Americana songwriter Jem Mitchell launched his new E.P. with a show at the Odessa Club on Wednesday, June 24th and the Last Mixed Tape was there to review.
Music can tell a story, and depending on where and when you come in it can be an inspiring experience for the listener. Such was the case with Jem Mitchell’s Sweet Amphetamine E.P. launch at the Odessa Club last night.
For it seemed I had come in at the opening of a new chapter, one that had proceeded a great deal of trial and tribulation for the songwriter. Indeed, there was a palpable atmosphere of pride, respect and gladness from the audience who spurred Mitchell on with each passing moment. Even those unfamiliar with the artist’s soul-baring new record could tell this was the story of one man, his passion for music and the people who supported him.
With the dead heat of a summer’s night in Dublin providing the backdrop, Mitchell’s voice howled around the venue as the teeming crowd bustled around him. Demanding attention with the sheer power of his vocal alone, best seen in renditions of ‘Sweet Amphetamine’ and ‘Fragile Heart’, the songwriter commanded the audience from beginning to end with clear, raw talent, backed by the brilliant guitar work of Ken Browne and later joined by Patrick Barrett (the Hedge Schools) and Radie Peat (Lynched).
By the end of the night there was a feeling of triumphant adulation for Mitchell, one the musician shared in return. Sometimes as a reviewer you can be struck by this connection between the act and the audience, and therefore the need to review the music is superseded by a duty to capture the moment and tell the tale. This is rare, and happened last night.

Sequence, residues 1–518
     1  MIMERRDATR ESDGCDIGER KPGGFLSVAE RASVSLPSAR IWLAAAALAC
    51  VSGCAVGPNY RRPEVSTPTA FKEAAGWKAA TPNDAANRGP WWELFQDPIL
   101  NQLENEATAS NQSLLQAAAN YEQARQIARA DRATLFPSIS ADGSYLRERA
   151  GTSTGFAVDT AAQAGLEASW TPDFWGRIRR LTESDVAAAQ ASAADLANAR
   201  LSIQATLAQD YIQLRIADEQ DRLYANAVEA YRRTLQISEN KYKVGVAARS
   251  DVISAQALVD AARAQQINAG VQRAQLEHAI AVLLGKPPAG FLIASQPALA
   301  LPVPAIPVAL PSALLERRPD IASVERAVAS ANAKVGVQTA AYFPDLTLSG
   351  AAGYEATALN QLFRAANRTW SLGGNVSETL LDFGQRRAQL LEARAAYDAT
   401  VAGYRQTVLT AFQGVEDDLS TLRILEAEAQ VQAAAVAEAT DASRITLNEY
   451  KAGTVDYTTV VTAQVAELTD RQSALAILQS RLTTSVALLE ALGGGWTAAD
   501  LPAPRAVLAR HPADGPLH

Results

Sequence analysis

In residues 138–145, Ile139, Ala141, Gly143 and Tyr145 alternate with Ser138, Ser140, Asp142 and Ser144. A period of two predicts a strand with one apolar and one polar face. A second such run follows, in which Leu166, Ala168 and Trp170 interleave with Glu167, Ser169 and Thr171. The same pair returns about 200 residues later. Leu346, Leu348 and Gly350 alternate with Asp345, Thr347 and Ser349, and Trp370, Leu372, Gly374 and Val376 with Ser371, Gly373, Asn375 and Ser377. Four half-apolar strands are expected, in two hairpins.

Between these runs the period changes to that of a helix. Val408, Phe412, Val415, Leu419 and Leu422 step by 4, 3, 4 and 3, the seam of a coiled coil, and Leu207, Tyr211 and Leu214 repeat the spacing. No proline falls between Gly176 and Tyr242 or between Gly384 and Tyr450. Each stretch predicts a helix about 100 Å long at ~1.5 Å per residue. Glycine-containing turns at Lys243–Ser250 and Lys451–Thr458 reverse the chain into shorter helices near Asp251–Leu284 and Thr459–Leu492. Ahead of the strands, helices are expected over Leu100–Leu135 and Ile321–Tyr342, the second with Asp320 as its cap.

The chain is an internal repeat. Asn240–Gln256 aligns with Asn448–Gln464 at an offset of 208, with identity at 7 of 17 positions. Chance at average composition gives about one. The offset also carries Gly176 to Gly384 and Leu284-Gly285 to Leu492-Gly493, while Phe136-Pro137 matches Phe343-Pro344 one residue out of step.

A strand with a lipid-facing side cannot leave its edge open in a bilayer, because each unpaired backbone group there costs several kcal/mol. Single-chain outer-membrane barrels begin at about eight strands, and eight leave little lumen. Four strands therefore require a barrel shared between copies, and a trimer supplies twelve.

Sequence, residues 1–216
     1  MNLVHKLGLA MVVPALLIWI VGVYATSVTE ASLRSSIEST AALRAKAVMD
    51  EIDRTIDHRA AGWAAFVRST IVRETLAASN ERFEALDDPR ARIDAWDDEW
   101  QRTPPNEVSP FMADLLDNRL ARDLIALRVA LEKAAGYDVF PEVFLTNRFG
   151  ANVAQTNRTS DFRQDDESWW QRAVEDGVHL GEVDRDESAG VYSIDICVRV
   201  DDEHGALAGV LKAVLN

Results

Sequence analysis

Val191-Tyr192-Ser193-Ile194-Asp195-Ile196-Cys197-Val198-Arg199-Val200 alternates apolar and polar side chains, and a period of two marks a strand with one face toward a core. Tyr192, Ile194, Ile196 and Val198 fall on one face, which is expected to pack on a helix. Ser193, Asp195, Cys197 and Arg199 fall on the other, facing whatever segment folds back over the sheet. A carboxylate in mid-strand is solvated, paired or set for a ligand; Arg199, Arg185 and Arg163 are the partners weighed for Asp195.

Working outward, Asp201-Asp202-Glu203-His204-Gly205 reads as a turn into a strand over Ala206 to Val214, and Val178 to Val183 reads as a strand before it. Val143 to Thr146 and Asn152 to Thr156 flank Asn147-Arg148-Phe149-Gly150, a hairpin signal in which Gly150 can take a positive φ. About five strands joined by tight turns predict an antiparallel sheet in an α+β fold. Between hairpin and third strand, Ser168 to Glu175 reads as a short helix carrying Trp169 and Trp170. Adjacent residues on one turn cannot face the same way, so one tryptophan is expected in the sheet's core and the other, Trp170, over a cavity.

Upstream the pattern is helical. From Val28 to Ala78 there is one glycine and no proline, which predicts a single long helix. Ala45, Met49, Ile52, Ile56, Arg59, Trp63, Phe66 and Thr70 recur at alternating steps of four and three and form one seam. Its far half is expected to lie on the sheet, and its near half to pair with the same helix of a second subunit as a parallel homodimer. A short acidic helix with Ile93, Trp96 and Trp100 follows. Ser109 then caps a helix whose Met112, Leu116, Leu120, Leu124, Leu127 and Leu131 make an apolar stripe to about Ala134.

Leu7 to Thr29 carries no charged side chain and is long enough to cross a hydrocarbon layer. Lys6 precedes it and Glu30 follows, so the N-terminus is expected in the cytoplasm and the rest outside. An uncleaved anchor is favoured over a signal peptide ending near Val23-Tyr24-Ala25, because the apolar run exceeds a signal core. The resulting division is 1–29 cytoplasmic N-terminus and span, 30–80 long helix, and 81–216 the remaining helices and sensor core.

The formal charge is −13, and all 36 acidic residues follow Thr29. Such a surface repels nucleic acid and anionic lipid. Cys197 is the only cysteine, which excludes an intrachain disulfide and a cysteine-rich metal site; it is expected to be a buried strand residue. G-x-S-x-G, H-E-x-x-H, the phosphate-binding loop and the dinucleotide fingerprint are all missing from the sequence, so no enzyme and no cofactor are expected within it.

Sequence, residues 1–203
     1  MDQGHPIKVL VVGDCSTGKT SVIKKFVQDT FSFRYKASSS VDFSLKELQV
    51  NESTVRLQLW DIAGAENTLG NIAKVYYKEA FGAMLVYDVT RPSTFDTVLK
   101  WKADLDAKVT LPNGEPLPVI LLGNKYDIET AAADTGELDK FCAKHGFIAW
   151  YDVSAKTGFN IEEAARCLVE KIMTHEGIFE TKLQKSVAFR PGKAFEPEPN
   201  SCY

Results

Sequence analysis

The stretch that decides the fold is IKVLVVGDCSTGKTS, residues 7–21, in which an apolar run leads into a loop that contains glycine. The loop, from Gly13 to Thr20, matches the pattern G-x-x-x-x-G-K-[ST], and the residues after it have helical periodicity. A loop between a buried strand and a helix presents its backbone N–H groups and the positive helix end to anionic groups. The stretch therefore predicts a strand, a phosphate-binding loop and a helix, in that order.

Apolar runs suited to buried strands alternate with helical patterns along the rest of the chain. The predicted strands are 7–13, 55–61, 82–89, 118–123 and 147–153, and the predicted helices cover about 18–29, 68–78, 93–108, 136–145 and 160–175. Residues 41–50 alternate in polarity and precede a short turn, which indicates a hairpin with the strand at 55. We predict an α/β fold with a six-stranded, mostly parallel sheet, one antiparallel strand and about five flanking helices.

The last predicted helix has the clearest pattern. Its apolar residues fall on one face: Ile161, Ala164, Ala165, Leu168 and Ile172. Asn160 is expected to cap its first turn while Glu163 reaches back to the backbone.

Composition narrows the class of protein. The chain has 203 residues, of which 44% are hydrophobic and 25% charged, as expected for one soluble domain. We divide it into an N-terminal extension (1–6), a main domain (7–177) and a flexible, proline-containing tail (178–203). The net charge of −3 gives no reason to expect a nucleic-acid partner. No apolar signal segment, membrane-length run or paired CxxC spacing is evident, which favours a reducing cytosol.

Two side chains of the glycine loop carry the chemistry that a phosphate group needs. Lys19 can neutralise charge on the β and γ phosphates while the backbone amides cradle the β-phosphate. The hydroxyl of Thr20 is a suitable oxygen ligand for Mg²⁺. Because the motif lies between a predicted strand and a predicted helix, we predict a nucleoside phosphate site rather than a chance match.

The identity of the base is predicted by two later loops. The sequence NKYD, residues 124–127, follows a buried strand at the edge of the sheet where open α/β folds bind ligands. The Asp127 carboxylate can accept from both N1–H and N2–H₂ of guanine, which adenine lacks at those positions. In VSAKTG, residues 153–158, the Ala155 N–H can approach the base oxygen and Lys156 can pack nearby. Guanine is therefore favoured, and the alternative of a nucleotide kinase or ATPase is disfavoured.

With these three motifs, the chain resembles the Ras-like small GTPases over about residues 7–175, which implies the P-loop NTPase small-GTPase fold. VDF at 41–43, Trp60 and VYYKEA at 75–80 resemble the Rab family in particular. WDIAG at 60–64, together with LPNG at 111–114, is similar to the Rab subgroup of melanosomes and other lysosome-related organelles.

The best way to sum up the entire show (excellent performances notwithstanding) was a moment shared between Jem Mitchell and his guitarist Ken Browne. After playing their final song of the night to rapturous applause the two men embraced as a clearly emotional Mitchell thanked Browne for his support in making Sweet Amphetamine, and as they continued to hug so did the level of applause and appreciation from the crowd before a teary eyed Jem Mitchell turned and thanked the crowded “from the bottom of (his) heart”.
This is what music is about, life, relationships, the past, the present and the future. For Jem Mitchell, it seems, the past has been laid to rest, the struggle to get the present not gone unnoticed, and as for the future? In the words of the late Lou Reed, “the possibilities are endless”.